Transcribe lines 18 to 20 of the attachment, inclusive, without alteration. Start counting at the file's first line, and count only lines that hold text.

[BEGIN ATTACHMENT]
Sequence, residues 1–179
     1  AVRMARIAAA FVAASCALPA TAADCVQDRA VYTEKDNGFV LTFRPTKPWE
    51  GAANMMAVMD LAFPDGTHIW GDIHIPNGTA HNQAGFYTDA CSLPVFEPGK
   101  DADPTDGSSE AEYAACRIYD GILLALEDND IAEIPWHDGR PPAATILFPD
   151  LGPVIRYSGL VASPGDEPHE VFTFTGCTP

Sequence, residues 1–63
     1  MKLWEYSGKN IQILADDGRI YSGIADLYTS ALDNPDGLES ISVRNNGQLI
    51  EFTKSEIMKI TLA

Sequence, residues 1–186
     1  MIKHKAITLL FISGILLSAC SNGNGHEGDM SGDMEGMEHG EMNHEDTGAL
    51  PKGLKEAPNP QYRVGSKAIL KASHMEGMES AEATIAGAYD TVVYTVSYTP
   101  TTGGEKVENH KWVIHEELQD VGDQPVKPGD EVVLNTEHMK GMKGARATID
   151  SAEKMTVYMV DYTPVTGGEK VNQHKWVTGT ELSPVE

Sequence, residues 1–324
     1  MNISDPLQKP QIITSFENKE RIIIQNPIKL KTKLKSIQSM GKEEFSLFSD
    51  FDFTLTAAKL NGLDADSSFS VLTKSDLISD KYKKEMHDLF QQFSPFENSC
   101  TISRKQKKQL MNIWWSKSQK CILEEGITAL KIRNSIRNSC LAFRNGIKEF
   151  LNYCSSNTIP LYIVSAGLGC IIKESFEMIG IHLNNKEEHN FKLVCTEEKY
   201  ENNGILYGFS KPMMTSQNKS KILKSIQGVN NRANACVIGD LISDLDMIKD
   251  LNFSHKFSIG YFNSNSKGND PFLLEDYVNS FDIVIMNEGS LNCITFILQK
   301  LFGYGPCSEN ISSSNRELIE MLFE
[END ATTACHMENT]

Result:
   151  LNYCSSNTIP LYIVSAGLGC IIKESFEMIG IHLNNKEEHN FKLVCTEEKY
   201  ENNGILYGFS KPMMTSQNKS KILKSIQGVN NRANACVIGD LISDLDMIKD
   251  LNFSHKFSIG YFNSNSKGND PFLLEDYVNS FDIVIMNEGS LNCITFILQK